This species is endemic to lowland forests and therefore found in much of the country, from Cape Reinga to Stewart Island / Rakiura. Not surprisingly due to its abundance, horoeka wood was used by Māori to fashion bird spears (maiere) to catch kererū, craft teka (darts), hïnaki (eel pots) and brushes (paraehe) making it part of New Zealand’s cultural history. The small yellow flowers that are produced once the tree has reached maturity are replaced by dark purple fruits that provide food for tūī and other endemic birds.
With their sculptural lines and compact habit, horoeka are a great tree to choose when the area for planting is at a minimum. These evergreen trees create a dramatic focal point to any garden without having to relinquish much in the way of space – and with the variations they bring, will delight for years to come.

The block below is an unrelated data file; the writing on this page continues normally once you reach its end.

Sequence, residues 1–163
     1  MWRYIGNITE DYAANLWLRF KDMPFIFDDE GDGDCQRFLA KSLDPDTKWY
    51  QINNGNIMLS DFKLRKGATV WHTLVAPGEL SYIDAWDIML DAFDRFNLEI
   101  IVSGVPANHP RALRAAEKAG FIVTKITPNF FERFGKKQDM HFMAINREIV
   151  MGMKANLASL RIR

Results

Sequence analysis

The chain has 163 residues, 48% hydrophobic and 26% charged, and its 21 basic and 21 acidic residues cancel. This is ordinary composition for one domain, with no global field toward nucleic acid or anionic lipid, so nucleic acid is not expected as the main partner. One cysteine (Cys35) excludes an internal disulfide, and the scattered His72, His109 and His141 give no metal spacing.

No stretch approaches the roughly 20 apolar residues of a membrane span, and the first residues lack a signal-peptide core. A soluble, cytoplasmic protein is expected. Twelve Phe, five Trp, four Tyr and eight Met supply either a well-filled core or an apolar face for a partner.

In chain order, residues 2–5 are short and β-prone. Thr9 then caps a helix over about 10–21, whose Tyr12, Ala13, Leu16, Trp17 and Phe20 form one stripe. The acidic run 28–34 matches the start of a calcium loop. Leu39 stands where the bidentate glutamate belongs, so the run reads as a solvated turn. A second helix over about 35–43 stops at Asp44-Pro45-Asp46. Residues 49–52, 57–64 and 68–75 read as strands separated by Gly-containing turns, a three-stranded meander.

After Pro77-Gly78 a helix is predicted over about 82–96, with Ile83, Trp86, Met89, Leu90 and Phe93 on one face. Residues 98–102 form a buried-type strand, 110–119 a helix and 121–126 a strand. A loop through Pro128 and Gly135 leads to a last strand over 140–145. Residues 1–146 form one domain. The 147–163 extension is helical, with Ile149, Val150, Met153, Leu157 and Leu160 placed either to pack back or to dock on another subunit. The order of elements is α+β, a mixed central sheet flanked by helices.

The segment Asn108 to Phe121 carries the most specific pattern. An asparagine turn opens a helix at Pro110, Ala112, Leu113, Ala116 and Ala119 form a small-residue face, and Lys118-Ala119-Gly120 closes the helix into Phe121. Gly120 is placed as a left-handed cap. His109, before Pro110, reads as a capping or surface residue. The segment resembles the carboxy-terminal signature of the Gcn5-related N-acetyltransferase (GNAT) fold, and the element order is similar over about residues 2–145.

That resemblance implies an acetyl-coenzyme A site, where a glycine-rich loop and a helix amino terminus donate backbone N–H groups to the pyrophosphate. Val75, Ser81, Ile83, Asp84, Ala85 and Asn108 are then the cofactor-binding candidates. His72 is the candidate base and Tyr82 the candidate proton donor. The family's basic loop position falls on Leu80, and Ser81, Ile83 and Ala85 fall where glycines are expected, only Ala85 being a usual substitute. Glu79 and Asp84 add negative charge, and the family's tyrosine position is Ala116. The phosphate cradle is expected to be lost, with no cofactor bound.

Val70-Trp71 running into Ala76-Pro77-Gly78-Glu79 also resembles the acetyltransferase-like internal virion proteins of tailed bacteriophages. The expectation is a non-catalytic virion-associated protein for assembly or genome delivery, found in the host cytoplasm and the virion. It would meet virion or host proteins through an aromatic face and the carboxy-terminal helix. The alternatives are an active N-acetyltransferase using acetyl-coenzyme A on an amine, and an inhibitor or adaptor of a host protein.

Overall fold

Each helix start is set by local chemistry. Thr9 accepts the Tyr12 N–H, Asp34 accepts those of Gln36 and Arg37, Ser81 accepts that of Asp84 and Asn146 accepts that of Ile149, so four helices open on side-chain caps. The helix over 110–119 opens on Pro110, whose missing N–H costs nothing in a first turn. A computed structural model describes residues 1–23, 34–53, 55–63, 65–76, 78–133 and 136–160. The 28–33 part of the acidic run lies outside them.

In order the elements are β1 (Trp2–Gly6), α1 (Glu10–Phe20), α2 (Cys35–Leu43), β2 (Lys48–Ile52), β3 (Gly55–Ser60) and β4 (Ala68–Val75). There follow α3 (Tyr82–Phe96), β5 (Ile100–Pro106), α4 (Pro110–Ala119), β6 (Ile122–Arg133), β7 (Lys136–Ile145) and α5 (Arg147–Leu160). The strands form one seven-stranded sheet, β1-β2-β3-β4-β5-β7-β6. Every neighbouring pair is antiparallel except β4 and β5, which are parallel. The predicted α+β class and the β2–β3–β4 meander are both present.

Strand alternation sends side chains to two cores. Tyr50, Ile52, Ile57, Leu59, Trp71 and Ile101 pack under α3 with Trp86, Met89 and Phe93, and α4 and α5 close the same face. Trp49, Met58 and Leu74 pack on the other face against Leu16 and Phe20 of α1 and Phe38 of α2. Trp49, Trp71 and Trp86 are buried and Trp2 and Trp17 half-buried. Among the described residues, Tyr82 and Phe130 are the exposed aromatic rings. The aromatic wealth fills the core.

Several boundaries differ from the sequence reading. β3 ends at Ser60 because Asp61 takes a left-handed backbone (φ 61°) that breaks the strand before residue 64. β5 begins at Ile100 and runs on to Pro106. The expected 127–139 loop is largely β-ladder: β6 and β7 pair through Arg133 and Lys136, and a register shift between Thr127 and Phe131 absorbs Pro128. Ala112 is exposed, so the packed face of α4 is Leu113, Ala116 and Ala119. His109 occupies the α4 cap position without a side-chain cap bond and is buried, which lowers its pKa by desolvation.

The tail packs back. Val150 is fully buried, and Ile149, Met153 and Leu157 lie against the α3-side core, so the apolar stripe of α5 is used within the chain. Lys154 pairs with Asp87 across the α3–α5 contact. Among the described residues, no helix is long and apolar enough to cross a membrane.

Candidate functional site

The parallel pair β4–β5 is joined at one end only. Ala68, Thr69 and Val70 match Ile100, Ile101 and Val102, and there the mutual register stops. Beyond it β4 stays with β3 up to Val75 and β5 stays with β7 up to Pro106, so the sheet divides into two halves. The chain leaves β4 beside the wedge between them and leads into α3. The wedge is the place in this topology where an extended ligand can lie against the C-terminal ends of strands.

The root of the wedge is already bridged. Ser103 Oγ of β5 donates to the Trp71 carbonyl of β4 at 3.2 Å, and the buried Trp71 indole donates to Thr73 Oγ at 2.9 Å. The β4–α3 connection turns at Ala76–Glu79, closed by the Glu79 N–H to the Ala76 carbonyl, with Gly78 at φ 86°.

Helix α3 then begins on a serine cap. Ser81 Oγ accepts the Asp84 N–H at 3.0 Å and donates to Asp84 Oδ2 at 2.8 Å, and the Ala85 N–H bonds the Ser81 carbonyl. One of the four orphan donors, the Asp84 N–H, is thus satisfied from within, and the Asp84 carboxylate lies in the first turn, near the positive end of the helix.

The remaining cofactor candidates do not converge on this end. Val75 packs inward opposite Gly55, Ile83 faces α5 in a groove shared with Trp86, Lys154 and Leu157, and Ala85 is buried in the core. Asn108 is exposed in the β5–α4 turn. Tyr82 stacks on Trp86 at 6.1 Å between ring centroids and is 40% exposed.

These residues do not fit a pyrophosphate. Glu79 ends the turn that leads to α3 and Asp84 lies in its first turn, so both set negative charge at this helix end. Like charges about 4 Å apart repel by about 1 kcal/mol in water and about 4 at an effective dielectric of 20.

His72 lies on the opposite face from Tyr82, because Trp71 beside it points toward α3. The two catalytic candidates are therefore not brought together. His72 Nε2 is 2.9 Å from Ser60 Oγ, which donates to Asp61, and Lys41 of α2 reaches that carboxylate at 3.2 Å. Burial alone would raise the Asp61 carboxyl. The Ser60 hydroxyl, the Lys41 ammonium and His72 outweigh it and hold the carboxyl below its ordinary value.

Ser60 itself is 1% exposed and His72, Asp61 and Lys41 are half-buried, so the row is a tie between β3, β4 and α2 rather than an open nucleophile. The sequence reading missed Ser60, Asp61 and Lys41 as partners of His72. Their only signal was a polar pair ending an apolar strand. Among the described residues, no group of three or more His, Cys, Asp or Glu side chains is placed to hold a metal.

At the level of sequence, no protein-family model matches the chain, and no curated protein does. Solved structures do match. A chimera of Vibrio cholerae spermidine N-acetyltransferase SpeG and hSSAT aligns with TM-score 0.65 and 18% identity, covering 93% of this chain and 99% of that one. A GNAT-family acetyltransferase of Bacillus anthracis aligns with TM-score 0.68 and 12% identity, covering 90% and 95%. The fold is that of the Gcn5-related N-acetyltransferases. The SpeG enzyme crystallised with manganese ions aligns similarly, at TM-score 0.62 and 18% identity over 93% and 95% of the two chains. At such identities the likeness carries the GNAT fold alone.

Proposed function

Why not visit our zoo and relax in our stunning grounds! You can see our juvenile horoeka standing guard just before our zoo entrance and adult specimens can be found in the fernery adjacent to the central lake. We have so much appreciation for our amazing horticulture team and the work that goes in to keeping the zoos plant life lush and healthy.
Stay tuned for the next blog in this series and if you have any recommendations on plants we should cover or questions for our horticulture experts, flick us an email!